The purpose of this practical is to extract DNA by both Youtube procedure or commonly used laboratory process called salting out method. Usual practice is to use one method, mostly, Youtube technique while comparing with effects of other method. Within each method, fruit samples of strawberry and kiwi fruits are handled with extraction buffer agents and micro-centrifuged and prepared for agarose gel electrophoresis (AGE). Reference DNA ladder is additionally used with fruit samples to compare quality, reliability and quantity of DNA extraction.
The document is a science report that records the effects of the tests and discusses them to identify fine and quantity of sample and additionally reliability of methods used. As samples are tested, observations at each stage can reveal results in terms of quality and consistency of sample preparation, testing, observation and interpretation of results. Observations like impact of differences in sample extraction and methods used for testing can be useful to understand the process and further improve for better results. Inverted light images of test results will be evaluated in reference to intensity of reference sample. Higher intensity bands can be considered as having more quantity of bases of DNA fragments and position of band shows the length of the band.
There are 3 different stages that are common to many DNA extraction procedures:
Agarose gel electrophoresis (AGE).
There are two different methods of DNA extraction Cell and Genes Practical Manual:
Method 1: DNA extraction Youtube method
Method 2: DNA extraction – salting out method.
Method 1 –
DNA is extracted from Strawberry and Kiwi.
Sample fruit is sealed in Ziploc and squished for 3 mins.
10 mL of DNA extraction buffer (1000 mL of DNA extraction buffer contains: 950 mL water, 50 mL dishwashing detergent, 2 teaspoons of table salt) is auto-pipetted into the squished sample and again squished for 2 mins.
The mixture is filtered into a conical flask through a chux cloth and funnel.
Transfer 3mL of sample into 15 mL tube using an auto-pipette and label the tube with sample type and initials and put it on ice.
Pour 10 mL of cold 100% ethanol carefully down the side of the tube to observe that a separate layer is formed on top of the liquid. Leave the tube on ice for at least 10 mins while a white fluffy precipitate of the DNA sample forms between the two liquids.
Collect sufficient DNA precipitate (with a hook) into a labelled 1.5 mL micro-centrifuge tube containing 70% ethanol and place in a micro-centrifuge and spin at 12000 rpm for 1-3 mins.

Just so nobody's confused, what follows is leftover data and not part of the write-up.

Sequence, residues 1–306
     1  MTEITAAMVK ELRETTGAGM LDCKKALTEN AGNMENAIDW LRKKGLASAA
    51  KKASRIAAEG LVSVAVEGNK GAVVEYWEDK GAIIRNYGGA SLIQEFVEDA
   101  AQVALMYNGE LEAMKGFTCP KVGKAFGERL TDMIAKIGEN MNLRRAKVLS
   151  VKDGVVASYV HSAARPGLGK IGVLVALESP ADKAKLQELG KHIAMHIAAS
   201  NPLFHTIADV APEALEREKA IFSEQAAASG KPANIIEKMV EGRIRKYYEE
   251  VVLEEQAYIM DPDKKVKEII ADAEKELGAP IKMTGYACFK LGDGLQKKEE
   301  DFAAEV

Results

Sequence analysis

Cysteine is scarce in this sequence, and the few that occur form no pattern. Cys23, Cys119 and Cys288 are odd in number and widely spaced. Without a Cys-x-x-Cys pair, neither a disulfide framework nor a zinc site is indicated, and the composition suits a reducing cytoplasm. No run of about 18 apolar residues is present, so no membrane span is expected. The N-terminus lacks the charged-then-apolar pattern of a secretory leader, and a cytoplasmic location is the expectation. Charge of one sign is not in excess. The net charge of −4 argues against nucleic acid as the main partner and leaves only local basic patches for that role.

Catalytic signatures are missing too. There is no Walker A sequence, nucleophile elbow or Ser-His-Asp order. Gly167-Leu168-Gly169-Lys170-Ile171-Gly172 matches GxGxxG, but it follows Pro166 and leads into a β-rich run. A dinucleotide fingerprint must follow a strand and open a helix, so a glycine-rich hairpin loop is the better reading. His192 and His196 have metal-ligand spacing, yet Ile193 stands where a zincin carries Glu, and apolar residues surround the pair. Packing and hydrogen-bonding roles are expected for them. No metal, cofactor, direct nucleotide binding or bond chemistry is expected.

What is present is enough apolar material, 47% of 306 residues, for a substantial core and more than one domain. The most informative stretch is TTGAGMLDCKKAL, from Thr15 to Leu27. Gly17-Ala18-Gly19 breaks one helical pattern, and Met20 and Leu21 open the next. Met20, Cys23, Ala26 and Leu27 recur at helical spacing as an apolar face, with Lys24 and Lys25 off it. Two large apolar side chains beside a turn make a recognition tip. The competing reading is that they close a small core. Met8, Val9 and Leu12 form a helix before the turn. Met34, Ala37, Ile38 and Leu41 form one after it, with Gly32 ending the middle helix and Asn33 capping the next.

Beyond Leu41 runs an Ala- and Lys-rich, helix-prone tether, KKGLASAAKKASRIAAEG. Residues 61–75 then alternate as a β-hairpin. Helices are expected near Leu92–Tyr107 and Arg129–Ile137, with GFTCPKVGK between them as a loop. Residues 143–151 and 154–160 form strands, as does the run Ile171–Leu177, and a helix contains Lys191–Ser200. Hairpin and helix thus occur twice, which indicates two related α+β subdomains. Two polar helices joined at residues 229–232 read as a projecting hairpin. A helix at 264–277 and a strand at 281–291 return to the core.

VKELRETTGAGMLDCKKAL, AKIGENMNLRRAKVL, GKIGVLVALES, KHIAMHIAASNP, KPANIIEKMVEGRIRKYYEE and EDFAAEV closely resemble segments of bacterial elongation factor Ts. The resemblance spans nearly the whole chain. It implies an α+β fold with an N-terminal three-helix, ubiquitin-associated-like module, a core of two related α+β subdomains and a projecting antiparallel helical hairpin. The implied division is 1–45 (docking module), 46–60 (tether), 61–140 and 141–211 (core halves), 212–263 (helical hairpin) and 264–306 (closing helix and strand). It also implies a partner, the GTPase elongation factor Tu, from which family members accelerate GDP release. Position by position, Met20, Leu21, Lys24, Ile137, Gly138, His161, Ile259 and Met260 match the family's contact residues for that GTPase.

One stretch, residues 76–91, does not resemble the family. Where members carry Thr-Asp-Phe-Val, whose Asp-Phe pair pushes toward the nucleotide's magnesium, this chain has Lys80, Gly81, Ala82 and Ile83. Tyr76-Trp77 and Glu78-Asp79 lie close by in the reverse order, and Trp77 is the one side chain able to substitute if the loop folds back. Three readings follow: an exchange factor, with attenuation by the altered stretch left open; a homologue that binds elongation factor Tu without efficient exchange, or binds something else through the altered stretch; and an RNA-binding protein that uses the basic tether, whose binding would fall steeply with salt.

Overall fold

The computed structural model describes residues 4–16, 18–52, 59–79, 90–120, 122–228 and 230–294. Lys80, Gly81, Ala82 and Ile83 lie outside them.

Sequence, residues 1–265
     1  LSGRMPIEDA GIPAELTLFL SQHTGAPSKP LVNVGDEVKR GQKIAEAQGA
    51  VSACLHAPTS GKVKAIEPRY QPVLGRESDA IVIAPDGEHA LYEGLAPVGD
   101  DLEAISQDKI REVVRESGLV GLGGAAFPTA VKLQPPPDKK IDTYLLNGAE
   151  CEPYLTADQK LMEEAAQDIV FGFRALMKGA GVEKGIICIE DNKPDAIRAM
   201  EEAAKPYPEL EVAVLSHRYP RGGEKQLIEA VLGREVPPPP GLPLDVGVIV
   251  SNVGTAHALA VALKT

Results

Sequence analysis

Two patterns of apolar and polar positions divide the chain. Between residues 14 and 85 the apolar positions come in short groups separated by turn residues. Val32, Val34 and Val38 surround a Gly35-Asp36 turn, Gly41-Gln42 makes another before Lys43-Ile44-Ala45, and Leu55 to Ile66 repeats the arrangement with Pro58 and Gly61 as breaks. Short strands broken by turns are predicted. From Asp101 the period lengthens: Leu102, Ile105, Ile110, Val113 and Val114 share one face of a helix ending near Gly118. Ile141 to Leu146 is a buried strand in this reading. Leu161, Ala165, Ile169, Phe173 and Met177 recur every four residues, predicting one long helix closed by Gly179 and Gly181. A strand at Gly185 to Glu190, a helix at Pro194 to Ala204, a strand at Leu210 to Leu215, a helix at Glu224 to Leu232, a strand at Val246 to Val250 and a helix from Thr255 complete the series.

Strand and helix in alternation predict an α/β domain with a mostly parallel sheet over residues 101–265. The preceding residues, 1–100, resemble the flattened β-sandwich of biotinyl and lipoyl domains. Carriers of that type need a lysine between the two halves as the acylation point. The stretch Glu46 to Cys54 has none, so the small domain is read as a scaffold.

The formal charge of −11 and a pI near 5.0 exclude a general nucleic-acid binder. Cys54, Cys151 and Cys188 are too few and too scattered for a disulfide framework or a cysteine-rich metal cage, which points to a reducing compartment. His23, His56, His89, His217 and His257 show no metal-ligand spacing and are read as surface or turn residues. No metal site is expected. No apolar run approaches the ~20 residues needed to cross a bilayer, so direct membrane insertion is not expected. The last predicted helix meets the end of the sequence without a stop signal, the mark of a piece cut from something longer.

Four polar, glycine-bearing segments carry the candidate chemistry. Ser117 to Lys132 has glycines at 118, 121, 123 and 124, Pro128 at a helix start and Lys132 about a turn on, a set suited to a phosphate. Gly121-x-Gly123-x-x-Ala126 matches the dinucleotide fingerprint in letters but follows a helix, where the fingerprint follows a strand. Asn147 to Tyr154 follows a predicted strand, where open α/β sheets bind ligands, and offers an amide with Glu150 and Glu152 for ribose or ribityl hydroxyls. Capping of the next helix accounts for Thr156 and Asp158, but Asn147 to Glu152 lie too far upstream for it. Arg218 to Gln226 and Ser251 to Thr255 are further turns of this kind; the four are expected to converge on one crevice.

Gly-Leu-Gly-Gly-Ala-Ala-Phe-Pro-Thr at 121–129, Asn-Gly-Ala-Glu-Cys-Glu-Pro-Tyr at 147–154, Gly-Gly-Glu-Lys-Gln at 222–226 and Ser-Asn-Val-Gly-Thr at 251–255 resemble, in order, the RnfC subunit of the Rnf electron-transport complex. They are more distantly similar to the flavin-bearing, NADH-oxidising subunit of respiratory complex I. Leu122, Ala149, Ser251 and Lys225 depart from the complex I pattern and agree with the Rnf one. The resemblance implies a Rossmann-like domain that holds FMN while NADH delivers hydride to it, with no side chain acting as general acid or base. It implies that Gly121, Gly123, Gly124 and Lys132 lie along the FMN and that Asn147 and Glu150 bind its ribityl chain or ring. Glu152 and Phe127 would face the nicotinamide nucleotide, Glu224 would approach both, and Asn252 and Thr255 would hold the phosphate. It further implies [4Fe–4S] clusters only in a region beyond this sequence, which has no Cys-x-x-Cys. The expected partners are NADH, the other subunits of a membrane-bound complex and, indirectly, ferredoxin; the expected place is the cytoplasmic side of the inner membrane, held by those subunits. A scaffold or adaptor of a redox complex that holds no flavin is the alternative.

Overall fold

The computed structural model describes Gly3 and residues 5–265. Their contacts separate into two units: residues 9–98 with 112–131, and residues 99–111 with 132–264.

Take the tube out of the micro-centrifuge and carefully pour off the supernatant into a liquid discard beaker and place the tube upside down on a paper towel and leave it to dry for 5 mins for ethanol to evaporate.
Now, add 100-300 μL of distilled water into the tube and draw the sample up and down for 15 times to mix well. Ensure that DNA sample dissolves in water.
Now, place the tube onto the heat block at 55oC for 5 minutes.
Pipette 10 μL of sample into a micro-centrifuge tube containing 2 μL of 6 × loading dye [loading dye contains: 30% (v/v) glycerol, 0.25% (w/v) bromophenol blue (a visible dye), 0.25% (w/v) xylene cyanol FF (a visible dye)].
Load the 2 log molecular weight marker (DNA ladder) for reference.
Load the sample into agarose gel (agarose gel contains; 1 % agarose, TAE buffer, ethidium bromide (EtBr) approx. 0.2-0.5μg/mL) and note the lane.
Connect the gel to the power-source and run it. When the gel has completed its run, obtain an image of the DNA.
Method 2 –
This is a modified method of Sunnucks and Hales (1996) and the first four steps are conducted the day before the practical commences.
1. 10 mg of fruit tissue is finely chopped using a razor blade and placed into a 1.5 mL micro-centrifuge tube.
2. 10 μL of Proteinase K (an enzyme to break protein) is added to the tube and tube is inverted 3 times.
3. 600 μL of TNES Buffer is added to the sample (TNES buffer contains 50 mM Tris, 400 mM NaCl, 20 mM EDTA & 0.5 % SDS).
4. The sample is mixed and incubated at 37 °C overnight.
5. The sample is labelled with initials and fruit type.
6. Add 170 μL 5M NaCl (a saturated solution) to the sample using an auto-pipette, and vortex (using a bench top of closing the lid of tube with finger and flick to mix) for approximately 10 seconds until the sample precipitates.
7. Place the tube into the micro-centrifuge and spin at 12000 rpm (top speed) for 5 mins as the precipitated protein forms a pellet at the bottom of the tube while the DNA remains dissolved in the solution.